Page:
Eurocorps and other multinational Headquarters are not planned to deploy in Mali

On a pretty regular basis I can read on the requests leading to this humble blog (I claim the word 'humble', when I compare the content of this blog to the ones listed in the blogroll), that some people had typed 'Eurocorps' and 'Mali' as keywords. My conclusion is that some pedagogy on European Defence is still needed. Therefore this article will be useless for those who are skilled in defence matters and is intended to the newcomers.

Well, let us start from the very beginning: there are three types of multinational operational headquarters. As the French operation in Mali is of land-centric type, i.e involving mainly land forces, let us focus on land headquarters.

Type 1: some headquarters are fully multinational and peramently under the operational command of an alliance. In Europe this is the case for the HQ belonging to the NATO force structure. Those HQ can be committed into an operation exclusively if the political steering body of the alliance agrees. However, this does not mean that the alliance would systematically authorize their deployement, as most of them are designed to operate for their peacetime location, in Europe. As regards a possible deployment on a theater of operation, this as to be agreed by the nations. This would mean, anyway, that the NATO runs the operation.

Type 2: some other headquarters are under the command of one nation and encompass a multinational representation, which can vary from a single guy, whose main role is to 'show the flag', up to a contingent of may be 20 guys, even more, if this very headquarters is considered as being attractive. Then, what makes a headquarters attractive? The main factors making armed forces investing in a foreign HQ are the following ones:
- leadership by a relevant nation. I mean a nation, which has a relatively large influence (at European level).
- possibility for the invited country to take over some high visibility jobs (national pride is one of the strongest engines in the world).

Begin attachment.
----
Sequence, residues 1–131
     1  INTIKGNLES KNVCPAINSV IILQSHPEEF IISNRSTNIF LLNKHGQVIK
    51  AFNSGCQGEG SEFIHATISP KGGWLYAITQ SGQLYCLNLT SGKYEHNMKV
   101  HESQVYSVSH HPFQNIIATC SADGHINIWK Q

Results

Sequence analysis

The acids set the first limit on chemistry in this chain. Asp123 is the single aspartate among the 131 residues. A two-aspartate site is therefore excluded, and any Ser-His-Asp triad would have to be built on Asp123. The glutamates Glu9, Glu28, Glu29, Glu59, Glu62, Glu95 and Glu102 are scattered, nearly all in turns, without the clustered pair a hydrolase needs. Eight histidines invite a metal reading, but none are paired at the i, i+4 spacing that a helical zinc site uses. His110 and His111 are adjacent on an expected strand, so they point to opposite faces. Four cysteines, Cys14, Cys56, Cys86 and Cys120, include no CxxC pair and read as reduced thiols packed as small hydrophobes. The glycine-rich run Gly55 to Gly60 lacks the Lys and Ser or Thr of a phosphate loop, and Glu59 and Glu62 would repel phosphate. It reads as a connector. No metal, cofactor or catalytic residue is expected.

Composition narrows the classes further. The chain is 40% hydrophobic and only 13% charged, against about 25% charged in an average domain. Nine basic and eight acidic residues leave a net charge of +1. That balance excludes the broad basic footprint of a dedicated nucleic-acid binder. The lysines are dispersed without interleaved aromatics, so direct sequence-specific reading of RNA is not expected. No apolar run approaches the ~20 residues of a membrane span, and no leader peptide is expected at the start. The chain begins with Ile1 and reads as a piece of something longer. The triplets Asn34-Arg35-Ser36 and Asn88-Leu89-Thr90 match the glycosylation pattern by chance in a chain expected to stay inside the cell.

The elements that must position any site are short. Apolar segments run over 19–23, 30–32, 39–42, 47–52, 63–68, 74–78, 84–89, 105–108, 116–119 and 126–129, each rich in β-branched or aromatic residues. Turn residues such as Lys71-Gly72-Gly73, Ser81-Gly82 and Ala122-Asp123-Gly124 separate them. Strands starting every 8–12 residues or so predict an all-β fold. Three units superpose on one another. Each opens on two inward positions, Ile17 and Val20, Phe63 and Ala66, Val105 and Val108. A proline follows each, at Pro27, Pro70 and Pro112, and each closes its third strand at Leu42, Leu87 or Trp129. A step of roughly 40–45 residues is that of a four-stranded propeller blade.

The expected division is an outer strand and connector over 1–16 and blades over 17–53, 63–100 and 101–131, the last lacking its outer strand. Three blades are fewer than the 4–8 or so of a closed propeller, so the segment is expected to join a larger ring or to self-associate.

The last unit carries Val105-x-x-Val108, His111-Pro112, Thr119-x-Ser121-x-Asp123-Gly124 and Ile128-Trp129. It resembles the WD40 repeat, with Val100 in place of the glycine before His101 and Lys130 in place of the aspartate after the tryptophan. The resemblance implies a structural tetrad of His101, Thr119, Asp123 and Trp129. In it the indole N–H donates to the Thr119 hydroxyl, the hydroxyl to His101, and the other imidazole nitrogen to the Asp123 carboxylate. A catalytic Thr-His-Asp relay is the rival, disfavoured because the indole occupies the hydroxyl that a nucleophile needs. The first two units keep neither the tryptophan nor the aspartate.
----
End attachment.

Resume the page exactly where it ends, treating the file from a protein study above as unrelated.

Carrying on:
- relevance to the eyes of NATO or the EU, which means level at which the lead nation is ready to involve their HQ in NATO or EU operations. However, despite all statements, this remains a secondary one.
- last but not least, fiscal advantages play the role of ultimate trigger for the reluctant nations. Nothing scandalous, its the same for diplomats and UN employees!
Most of the land HQ belong to type 2, like the ARRC (UK), the French Rapid Reaction Corps, Spanish HRF of Betera, the Italian one of Solbiate Olona, and so on and so forth.
Those headquarters offer the major advantage of being theoritically easily usable as only one nation makes the decision. However, making the decision, taking over the leadership, means as well providing the bulk of forces. And that's much more complicated as the military capabilities of our nation exclude such an option. Furthermore, to get the international legitimacy to be the first unit deployed on the ground is extremely complicated, as the forerunner can always be suspected of running at his own advantage. Furthermore, as the leader is to provide the mass of the forces, 6 months later another nation has to take over, which is from a command and control and logistical perspective particularly complex.

Type 3: this is a very type of Land HQ, as only three of this species exist. They are the Eurocorps, the German-Dutch corps, the German-Polish-Danish corps (I suppose, but didn't check that Denmark is still part of it). Their peculiarity is that they are the common property of the so-called framework nations, which share the leadership and therefore the political decision process whether those units are to be committed or not. Their strength is that the leadership being shared, the assets to be provided are shared as well, which makes the investment by each nation much lighter. However, their major weakness is the building up of consensus to be in order to commit this HQ with the operational control on the units placed under its command.

Now, let's go back to Mali. France has decided to grasp the islamists on its own. Providing the largest part of the combat asset, the rest being provided by countries like Chad, France is the legitimate and unique leader of the operation. The other shareholders of Eurocorps could even not claim playing any role, as their armed forces are simply absent. Indeed this is pure arithmetic.
Then, your next question would be, for sure, 'And if one country were to join?'. My answer is that this would be another piece of analysis, which has already been done in the previous post.

To conclude, unless there is a major change in the essential parameters driving the current stance of both France and its allies, Eurocorps won't be committed in Mali.

Previous Articles:
France is to stay alone in Mali
Eurocorps, avant-garde of a European Army

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